It's time for a new rule on the web: Double, no, triple check before you share. Especially if it seems too good to be true. Why? Look no further than Donald Trump's Twitter account. Trump claimed Sunday morning that "Twitter, Google and Facebook are burying the FBI criminal investigation of Clinton." Not only was there no proof of this, but it was pretty easy to disprove. The FBI email inquiry was at the top of Google News; FBI director James Comey's name was at the top of Facebook's "trending" box; and Twitter's "moments" section had a prominent story about the controversy. Nevertheless, Trump's wrong-headed "burying" claim was his most popular tweet of the day. About 25,000 accounts retweeted it and almost 50,000 "liked" it, helping the falsehood spread far and wide.
Eight years after the Great Recession sent the U.S. newspaper industry into a tailspin, the pressures facing America’s newsrooms have intensified to nothing less than a reorganization of the industry itself, one that impacts the experiences of even those news consumers unaware of the tectonic shifts taking place. In 2015, the newspaper sector had perhaps the worst year since the recession and its immediate aftermath. Average weekday newspaper circulation, print and digital combined, fell another 7% in 2015, the greatest decline since 2010. While digital circulation crept up slightly (2% for weekday), it accounts for only 22% of total circulation. And any digital subscription gains or traffic increases have still not translated into game-changing revenue solutions. In 2015, total advertising revenue among publicly traded companies declined nearly 8%, including losses not just in print, but digital as well.
The 2016 NJ-SPJ Journalism Awards contest is open as of Jan. 4. Can I enter? We accept stories (and more!) by a journalist who lives or works in New Jersey or who reports about New Jersey or the region. We also welcome entries from people who live and work in New York City and Philadelphia, as long as the story affects New Jersey or New Jerseyans, or is about regional issues like transportation, the cleanliness of our beaches or the economic vitality of our region. We will accept entries on national and international issues if the authors live in New Jersey, or if the entry has a strong NJ angle or if the publication, video channel or website is primarily situated in New Jersey.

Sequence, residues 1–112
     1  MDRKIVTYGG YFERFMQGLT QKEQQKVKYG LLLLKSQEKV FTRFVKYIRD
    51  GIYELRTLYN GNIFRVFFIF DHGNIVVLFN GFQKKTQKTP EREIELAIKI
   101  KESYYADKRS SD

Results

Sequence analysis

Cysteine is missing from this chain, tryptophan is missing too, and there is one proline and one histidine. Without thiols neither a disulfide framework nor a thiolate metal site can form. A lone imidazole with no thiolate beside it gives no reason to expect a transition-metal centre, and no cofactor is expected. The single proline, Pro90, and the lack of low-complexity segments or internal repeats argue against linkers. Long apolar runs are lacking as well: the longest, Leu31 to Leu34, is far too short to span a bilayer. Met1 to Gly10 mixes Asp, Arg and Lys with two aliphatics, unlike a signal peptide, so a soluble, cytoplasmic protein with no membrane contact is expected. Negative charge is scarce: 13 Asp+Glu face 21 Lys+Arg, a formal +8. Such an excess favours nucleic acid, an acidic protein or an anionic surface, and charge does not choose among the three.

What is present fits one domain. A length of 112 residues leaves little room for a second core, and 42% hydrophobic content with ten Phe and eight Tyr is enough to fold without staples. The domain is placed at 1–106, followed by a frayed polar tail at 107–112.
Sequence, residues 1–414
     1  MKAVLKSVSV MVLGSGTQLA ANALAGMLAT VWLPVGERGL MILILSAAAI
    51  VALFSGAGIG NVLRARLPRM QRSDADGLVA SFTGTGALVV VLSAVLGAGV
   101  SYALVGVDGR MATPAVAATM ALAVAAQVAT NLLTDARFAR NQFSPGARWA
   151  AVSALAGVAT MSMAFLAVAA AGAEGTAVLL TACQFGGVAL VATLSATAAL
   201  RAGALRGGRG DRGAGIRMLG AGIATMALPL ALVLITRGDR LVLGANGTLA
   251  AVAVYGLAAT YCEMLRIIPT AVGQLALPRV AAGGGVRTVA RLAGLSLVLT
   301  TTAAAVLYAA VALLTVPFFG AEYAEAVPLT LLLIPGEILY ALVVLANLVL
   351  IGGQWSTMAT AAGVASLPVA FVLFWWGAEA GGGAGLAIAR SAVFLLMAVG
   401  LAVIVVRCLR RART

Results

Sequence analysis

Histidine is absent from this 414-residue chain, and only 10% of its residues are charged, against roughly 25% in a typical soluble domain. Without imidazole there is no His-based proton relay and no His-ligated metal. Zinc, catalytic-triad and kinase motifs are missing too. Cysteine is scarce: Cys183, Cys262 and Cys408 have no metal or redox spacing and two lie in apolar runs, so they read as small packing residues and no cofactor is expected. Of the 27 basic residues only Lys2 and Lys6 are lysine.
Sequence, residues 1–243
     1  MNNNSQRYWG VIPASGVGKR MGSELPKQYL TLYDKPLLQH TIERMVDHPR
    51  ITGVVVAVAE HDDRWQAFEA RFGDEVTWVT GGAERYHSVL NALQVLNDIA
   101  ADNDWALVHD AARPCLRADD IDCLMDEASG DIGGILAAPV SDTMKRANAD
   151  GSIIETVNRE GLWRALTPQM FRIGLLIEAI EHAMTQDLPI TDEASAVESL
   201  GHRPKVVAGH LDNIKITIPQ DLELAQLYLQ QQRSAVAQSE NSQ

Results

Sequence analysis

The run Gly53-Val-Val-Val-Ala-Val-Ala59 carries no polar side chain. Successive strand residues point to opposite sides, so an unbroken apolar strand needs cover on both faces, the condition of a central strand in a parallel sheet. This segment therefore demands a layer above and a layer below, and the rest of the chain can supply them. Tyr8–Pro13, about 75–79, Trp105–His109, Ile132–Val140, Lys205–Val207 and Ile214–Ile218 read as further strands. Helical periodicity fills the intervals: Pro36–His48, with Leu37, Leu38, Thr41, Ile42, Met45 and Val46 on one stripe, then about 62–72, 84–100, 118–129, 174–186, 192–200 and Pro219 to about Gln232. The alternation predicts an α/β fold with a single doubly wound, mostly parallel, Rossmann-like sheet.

When a gunman opened fire Oct. 1 in a classroom at Umpqua Community College in Roseburg, Ore., KVAL had only two reporters in the rural town. ABC affiliate KEZI had just one. The vast majority of staff and resources for the two Eugene stations, as well as others in the closest TV market (DMA No. 120), were 72 miles north. They sent staff to the hospital and blood bank in addition to the school, while reporters on their own had TVU backpacks and sent content back. The stations dealt with rumors and national media requests, not to mention the aftermath of a tragedy in their backyard, but they nonetheless produced wall-to-wall coverage. "One thing we do not have is a small-market attitude here," said JR Jackson, KVAL Eugene general manager. "We don't think of ourselves as a small-market team."
Now in its fourth year, The Social Journalism Study, conducted by Cision and Canterbury Christ Church University, charts the changing ways journalists and media professionals use social media for their work and in their communication with PR professionals. This report gathers data from the United States, United Kingdom, Germany, Finland, Sweden and Australia, which have been part of this study for three years. The study has included other countries in its lifespan but only those that have been included every year are compared here.